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Germany’s Angela Merkel Vows ‘Never Again’ in Farewell Trip to Israel

German Chancellor Angela Merkel, pauses after laying a wreath at the Hall of Remembrance. (AP Photo/Ariel Schalit)
German Chancellor Angela Merkel, pauses after laying a wreath at the Hall of Remembrance. (AP Photo/Ariel Schalit)

JERUSALEM, Israel – Outgoing German Chancellor Angela Merkel is in Israel this week for her farewell visit to the Jewish State.

On Sunday, Merkel laid a wreath at Jerusalem’s Yad Vashem Holocaust memorial and urged the world to fight against anti-Semitism.

"Every visit to Yad Vashem touches me at the core,” she said. “The crimes against the Jewish people that are documented here are a perpetuate reminder of the responsibility we Germans bear and a warning.”

Nazi Germany and its collaborators murdered 6 million Jews in the Holocaust.

The chancellor promised to "stand up with determination against anti-Semitism, hatred, and violence every day anew," adding that it is an obligation "for every federal government."

Merkel said it is “moving” that Israel eventually came to trust Germany following the Holocaust and that her country remains committed to Israel’s security.

“I want to use this opportunity to emphasize that the topic of Israel’s security will always be of central importance and a central topic for every German government,” she vowed.

Israeli Prime Minister Naftali Bennett described Merkel as “Europe’s moral compass” and credited her with forming an unwavering bond between Germany and the Jewish State.

The two leaders held a joint press conference earlier on Sunday, where differences quickly emerged between the two allies over the Iranian nuclear deal and Palestinian statehood.

Merkel said Germany remains committed to reviving the nuclear deal Iran signed with world powers known as the JCPOA – a move Israel opposes.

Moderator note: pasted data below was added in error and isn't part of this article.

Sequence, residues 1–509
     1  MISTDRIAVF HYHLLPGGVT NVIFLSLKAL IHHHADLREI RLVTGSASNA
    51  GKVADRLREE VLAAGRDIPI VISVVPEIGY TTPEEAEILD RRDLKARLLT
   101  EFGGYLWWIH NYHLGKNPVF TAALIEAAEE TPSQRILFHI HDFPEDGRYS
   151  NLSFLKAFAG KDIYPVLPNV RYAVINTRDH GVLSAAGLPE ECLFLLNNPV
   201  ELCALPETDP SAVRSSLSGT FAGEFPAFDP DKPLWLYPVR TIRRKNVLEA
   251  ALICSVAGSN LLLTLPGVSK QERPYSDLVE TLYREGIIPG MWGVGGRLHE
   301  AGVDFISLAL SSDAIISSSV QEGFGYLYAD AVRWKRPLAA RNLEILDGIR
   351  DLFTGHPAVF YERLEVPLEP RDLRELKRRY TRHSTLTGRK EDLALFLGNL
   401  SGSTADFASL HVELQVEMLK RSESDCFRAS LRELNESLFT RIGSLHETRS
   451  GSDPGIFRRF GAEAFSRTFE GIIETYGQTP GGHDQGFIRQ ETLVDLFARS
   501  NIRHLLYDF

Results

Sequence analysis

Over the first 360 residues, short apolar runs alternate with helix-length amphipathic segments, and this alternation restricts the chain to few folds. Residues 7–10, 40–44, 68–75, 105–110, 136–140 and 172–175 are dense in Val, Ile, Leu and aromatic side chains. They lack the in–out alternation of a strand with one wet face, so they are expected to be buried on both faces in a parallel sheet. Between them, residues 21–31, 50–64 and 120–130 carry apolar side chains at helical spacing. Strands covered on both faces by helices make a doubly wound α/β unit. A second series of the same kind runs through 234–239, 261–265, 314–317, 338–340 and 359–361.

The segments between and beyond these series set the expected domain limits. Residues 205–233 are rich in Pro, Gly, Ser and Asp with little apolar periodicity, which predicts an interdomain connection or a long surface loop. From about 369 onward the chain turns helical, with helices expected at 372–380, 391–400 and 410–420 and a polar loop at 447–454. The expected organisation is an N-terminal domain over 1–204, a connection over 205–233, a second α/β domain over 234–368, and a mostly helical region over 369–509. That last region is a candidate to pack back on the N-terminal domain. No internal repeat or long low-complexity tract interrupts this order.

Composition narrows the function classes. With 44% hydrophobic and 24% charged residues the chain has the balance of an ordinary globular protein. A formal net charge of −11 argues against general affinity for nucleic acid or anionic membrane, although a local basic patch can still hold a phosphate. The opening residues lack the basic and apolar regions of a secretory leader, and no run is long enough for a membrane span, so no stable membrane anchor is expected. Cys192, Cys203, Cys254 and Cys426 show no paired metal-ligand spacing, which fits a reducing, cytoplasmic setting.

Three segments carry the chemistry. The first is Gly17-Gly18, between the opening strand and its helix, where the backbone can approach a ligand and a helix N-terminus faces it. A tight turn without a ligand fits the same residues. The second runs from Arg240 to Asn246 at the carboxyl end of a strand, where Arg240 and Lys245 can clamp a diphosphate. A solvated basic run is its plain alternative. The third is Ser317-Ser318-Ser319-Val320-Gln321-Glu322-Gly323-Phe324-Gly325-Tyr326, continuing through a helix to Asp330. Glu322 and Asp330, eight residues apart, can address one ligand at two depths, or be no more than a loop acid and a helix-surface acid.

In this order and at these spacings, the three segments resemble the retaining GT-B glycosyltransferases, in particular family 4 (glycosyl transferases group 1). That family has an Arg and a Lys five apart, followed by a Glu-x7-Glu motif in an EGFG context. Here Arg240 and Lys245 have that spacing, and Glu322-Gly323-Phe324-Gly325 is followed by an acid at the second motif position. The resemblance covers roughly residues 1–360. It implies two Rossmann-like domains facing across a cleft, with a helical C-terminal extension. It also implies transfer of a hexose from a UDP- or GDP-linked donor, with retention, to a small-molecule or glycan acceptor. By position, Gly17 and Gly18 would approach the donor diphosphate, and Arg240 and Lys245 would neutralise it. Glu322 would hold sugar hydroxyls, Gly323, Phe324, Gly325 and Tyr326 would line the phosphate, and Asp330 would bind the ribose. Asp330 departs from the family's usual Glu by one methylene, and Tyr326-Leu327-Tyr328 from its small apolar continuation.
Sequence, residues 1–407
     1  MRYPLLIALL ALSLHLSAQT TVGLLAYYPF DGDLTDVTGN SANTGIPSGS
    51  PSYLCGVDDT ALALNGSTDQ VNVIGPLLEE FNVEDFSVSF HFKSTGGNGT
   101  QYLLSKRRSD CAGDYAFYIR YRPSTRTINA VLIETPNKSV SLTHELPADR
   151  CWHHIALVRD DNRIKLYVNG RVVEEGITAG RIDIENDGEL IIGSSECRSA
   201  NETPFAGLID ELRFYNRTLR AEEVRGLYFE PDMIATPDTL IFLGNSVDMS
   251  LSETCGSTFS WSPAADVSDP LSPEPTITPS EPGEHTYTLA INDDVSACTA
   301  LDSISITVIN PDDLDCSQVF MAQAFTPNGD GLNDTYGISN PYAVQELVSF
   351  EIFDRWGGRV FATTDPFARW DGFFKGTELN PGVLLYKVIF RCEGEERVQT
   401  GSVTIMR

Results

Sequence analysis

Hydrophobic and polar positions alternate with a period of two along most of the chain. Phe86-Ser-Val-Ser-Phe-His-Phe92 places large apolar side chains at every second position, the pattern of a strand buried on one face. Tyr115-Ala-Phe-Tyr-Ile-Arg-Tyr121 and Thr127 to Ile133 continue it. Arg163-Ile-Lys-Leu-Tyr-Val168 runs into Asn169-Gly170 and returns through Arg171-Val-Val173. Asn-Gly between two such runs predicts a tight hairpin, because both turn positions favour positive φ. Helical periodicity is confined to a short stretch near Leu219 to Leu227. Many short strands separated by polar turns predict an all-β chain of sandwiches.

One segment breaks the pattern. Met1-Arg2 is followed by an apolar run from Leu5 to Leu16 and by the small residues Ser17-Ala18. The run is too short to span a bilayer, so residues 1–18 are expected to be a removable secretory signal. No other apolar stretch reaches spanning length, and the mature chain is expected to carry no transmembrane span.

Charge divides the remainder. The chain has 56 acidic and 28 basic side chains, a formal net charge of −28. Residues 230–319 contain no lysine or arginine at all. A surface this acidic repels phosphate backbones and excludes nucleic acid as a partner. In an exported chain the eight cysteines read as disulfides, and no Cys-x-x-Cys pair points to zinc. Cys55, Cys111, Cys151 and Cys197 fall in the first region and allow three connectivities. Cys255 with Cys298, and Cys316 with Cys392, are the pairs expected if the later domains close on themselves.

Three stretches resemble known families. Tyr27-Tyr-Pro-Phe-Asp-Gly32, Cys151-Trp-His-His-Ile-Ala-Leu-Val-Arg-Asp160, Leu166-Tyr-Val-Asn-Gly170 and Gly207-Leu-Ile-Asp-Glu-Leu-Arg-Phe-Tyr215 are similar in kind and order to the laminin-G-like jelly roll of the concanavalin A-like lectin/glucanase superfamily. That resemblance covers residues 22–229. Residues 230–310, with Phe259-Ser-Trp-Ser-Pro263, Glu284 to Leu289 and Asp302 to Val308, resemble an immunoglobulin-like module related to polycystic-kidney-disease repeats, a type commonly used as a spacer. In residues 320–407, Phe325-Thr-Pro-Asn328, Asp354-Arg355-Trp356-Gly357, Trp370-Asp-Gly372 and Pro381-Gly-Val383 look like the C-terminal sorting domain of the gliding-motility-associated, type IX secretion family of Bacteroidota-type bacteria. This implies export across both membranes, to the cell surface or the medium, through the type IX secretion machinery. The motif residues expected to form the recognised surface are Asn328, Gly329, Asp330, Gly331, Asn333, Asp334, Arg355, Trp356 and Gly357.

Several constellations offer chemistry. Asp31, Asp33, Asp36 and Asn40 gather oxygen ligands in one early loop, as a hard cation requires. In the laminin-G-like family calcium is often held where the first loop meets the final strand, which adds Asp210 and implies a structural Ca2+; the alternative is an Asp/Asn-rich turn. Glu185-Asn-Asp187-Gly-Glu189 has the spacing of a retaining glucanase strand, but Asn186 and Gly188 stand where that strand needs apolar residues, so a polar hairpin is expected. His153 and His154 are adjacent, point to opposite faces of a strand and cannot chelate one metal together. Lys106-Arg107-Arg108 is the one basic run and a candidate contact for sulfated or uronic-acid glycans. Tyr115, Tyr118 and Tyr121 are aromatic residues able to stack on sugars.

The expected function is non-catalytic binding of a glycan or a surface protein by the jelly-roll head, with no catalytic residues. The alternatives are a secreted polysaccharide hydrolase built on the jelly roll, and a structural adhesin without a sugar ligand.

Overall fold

"I never considered the Joint Comprehensive Plan of Action (JCPOA) to be ideal, but it's better than having no agreement,” she said.

Germany was a leading player in the 2015 Iranian nuclear deal, which placed limits on the Islamic Republic’s nuclear program in exchange for sanctions relief. The deal collapsed after then-President Donald Trump, with Israel's support, unilaterally withdrew from the agreement in 2018.

The Biden administration has been trying to revive that deal despite Israel’s objections. So far, talks with Iran to salvage the deal have stalled.

“There is no point in trying to appease the Iranians, they interpret conciliation as a weakness,” Bennett argued. “They continue to mock and play the international community, dragging time and constantly advancing uranium enrichment, and destabilizing the stability in the region.”

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Merkel also said Germany believes a two-state solution is the best way to solve the Israeli-Palestinian conflict.

“I think that on this point, even if at this stage it seems almost hopeless, the idea of a two-state solution should not be taken off the table, it should not be buried … and that the Palestinians should be able to live securely in a state,” she said, adding that Israel’s construction of settlement communities in disputed territory – biblical Judea and Samaria – isn’t helpful.

Bennett, who strongly supports Israeli settlements and opposes an independent Palestinian state, pushed back.

“Based on our experience, the meaning of a Palestinian state means that very likely there will be established a terror state, roughly seven minutes from my house and from almost any point in Israel,” he said.

Bennett described himself as a “pragmatic man” and said he was prepared to help improve living conditions for Palestinians in the West Bank and the Gaza Strip.

Despite disagreements on foreign policy, Merkel was repeatedly hailed as a “true friend” of Israel during her trip.

Merkel, a trained physicist, was granted an honorary doctorate on Sunday from the Technion, Israel Institute of Technology, for her "support of Israel, her unwavering fight against antisemitism, and for her strong support of science and education.”

Israeli President Isaac Herzog met with the chancellor and established an honorary fellowship in her name for outstanding female scientists at the Weizmann Institute.

Merkel is currently leading a caretaker government following Germany’s national elections until a new government is formed. That process could take weeks or even months.

She was originally scheduled to visit Israel in August, but the trip was postponed due to the crisis in Afghanistan.

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